Everything Hannah Snell Accomplished By Pretending To Be A Man

Hannah Snell had a remarkable life, and many of her extraordinary adventures happened when she was pretending to be a man. Born on April 23, 1723, in Worcester, England, she liked to play soldier as a little girl and had her friends marching to her orders at an early age (via the Worcester News). Snell later fell in love with James Summs, a Dutch seaman, according to Berkshire History. The pair married when she was around the age of 20, but the union proved to be a short one,  as Summs took off after Snell got pregnant. She took care of their daughter, Susannah, on her own, but the little girl sadly died when she was still an infant (via Women's Museum of California).

After Susannah's death, Snell decided to track down her wayward husband. She disguised herself as a man and used her brother-in-law's name, James Gray, to enlist in the army. She served in Captain Miller's company and somehow became the target of a sergeant's ire. Eventually, she was sentenced to receive 600 lashes as punishment, and she took 500 lashes while managing to hide the fact that she was a woman from the rest of the troops. According to Forces Net, Snell left the army when she feared a former neighbor might recognize her and blow her cover.

Hannah Snell served as a marine

After being in the army, Snell continued her military career by joining the Royal Marines (via Forces Net). She then traveled to India as part of the crew of HMS Swallow. Once there, she fought alongside her fellow soldiers as they marched to Pondicherry. But a bullet struck Snell in the groin, and she once again had to struggle to keep her identity a secret. Reports vary on how she tended to the wound — some indicate that she found a woman to help her, while others say she took the bullet out herself.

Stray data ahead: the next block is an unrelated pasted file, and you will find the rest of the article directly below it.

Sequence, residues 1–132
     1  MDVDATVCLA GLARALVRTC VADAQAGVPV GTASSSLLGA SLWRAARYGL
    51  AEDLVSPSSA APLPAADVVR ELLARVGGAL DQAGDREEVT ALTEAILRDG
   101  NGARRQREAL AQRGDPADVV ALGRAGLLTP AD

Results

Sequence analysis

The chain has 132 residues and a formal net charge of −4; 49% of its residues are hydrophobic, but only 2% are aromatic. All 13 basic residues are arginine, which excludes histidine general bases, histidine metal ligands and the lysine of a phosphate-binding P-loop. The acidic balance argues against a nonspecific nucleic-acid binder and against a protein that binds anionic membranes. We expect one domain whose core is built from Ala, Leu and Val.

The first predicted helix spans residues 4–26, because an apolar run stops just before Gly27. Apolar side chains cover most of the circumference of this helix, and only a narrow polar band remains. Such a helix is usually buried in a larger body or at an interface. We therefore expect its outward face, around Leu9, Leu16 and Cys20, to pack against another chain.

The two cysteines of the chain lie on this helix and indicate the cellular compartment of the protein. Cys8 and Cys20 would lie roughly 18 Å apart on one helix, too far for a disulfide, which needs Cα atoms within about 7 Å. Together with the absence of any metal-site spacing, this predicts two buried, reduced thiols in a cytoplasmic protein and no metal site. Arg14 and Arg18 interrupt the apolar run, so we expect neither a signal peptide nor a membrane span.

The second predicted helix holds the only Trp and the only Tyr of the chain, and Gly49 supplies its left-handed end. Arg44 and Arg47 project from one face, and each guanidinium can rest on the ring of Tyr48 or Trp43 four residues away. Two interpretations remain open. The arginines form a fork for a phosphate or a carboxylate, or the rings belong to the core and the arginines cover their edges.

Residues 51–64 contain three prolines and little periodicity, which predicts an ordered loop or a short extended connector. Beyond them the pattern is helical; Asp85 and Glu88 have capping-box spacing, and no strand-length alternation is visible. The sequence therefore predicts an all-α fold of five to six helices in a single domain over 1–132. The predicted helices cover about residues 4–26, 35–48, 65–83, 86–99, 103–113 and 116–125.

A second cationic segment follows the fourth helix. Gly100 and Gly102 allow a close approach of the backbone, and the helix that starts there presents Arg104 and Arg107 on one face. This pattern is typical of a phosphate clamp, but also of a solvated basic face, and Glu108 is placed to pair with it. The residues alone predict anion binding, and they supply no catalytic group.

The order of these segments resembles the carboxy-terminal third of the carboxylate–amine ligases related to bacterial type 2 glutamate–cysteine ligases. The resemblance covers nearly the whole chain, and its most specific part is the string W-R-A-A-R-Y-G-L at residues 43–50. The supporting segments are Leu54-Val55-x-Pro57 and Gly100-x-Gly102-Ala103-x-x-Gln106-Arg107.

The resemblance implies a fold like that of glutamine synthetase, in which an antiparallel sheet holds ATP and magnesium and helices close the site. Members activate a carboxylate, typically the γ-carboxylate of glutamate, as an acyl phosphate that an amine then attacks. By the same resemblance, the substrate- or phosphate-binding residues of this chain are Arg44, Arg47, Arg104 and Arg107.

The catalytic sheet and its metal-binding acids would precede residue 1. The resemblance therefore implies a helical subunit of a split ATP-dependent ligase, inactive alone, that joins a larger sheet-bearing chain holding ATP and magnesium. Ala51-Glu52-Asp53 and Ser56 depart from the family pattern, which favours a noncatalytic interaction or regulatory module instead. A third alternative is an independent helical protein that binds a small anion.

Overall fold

Snell recovered from her injuries and continued to live the life of a seaman. According to Berkshire History, she earned the nickname "Molly" for her smooth face. That moniker was a little too on the nose for Snell, and she later went by "Hearty Jemmy." She kept up her charade while serving on two different ships. And while in the Marines, Snell finally learned the fate of her estranged husband — he had been executed in Genoa. With her search for her husband finally over, Snell returned to land and to being a woman after her tour ended in 1750.

Hannah Snell became famous for her charade

Back home in England, Hannah Snell revealed her true identity in a pub filled with soldiers. Robert Walker wrote about this legendary scene in his book "The Female Soldier." She allegedly said, "Why gentlemen, James Gray will cast off his skin like a snake and become a new creature" (via Forces Net). Snell went to explain, "I am as much a woman as my mother ever was, and my real name is Hannah Snell." Once the news got out about Snell, she became a celebrity of sorts and took her story on the road, appearing on stage in London and other places (via Berkshire History). During her travels, Snell sang and performed military drills for her audiences.

The Duke of Cumberland helped Snell receive recognition for her service and gave her a military pension. Snell also went on to run a pub known as "The Female Warrior" for a time. Eventually, she found love again and remarried a local carpenter in 1759, and together they had a son (some reports say that they had two sons.) After her second husband's death, she married for the third time in 1772. By the late 1780s, Snell had developed mental health issues. She was sent to Bedlam Hospital, a psychiatric facility, where she died in 1792.